Friday, August 8, 2014

Salad bar: several salads from the past few weeks

Sometimes a salad isn't worth a full post, but I still take a photo because it's pretty. Here's a salad bar of a post, with photos of several of the past weeks' salads. Unintentionally, all of the salads below are without any lettuce.

Ever since seeing a post on Joy the Baker about peach, tomato, and mozzarella crostini last year, I've wanted to try it. Rather than a crostini, I tried it in salad form. I also used nectarines instead of peaches, because I had lots of ripe nectarines.
Verdict: I found it to be a disappointment. The mozzarella went well with the nectarine, as it does with tomato, but the nectarine's sweetness blew the tomato away when the two were eaten together. I won't be making this combo again, although I may try combining just nectarine, basil, and mozzarella (with olive oil and salt, of course). Perhaps a slightly more tart peach would have been a better combination.

The cube salad (alternatively "cubey salad" or, more correctly, Israeli salad) is a mix of chopped tomatoes, cucumbers, peppers and onions (or scallions in the photo).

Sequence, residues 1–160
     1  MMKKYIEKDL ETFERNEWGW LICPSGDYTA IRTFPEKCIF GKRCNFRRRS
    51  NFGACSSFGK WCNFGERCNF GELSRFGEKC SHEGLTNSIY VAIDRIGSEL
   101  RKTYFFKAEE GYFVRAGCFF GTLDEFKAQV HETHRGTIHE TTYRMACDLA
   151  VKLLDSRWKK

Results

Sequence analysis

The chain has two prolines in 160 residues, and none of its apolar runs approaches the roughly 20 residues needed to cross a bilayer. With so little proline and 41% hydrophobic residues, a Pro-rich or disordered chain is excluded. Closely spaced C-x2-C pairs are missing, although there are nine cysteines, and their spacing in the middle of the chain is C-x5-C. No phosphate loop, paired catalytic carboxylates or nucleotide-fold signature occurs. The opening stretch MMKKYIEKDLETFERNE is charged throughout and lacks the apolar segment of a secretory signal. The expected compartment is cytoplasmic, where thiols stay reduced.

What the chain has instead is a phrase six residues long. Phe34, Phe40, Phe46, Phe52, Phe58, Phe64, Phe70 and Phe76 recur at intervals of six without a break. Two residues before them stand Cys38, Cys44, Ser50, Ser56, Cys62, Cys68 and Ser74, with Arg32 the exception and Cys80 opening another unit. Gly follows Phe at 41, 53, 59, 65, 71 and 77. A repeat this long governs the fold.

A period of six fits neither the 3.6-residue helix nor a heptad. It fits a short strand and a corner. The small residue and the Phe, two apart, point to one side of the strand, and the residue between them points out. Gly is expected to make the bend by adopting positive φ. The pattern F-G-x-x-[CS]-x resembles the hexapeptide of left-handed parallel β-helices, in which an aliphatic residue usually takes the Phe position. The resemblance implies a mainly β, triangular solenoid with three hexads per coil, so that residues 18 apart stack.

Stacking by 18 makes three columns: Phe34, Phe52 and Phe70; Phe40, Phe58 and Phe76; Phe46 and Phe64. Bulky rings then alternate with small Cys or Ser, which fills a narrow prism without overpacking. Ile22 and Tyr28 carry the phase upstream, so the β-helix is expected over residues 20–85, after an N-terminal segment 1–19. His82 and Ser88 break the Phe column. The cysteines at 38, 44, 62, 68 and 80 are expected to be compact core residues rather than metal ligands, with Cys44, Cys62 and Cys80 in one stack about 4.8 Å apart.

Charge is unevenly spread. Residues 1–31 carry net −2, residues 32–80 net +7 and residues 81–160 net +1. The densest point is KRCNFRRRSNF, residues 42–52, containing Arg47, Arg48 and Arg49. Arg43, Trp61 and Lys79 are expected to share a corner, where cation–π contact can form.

Dress with salt, pepper, olive oil, and some lemon juice.

This salad was the husband's creation, based on this recipe for jicama and mango salad. He notes that he just made the salad, not the salmon. He also skipped the ginger and onion, but put in extra scallions. He also put in a few sugar plums in addition to the mango.
Both of us enjoyed the salad. His suggestion for the future is to cut the jicama into even smaller cubes than 1/4 inch.

Okay, this next photo isn't of a salad at all, just a quick way to cook some cabbage. I washed and rough chopped the remainder of a head of Napa cabbage, then stir fried it in some olive oil, adding soy sauce and a heaping spoonful of peanut butter after 3-4 minutes of cooking.
It turned out well and was much easier than when I make a peanut sauce in the blender. Served it over rice.

More with cabbage: cole slaw. I used half of the cabbage below and the recipe from the Joy of Cooking (a dressing of mayo, vinegar and sugar, plus some salt and pepper to season it).
I sliced the cabbage thinly. Used the food processor to grate carrots finely.
And then forgot to take a photo of the final product. It turned out well, but was less sweet than most cole slaw recipes. The Joy of Cooking recipe had half the sugar of most recipes I saw on the web (1 tsp instead of 2).

Finally, a photo of one of the husband's creations, which includes a salad of tomatoes, melon, and scallion.
He makes good plantains too.

No comments:

Post a Comment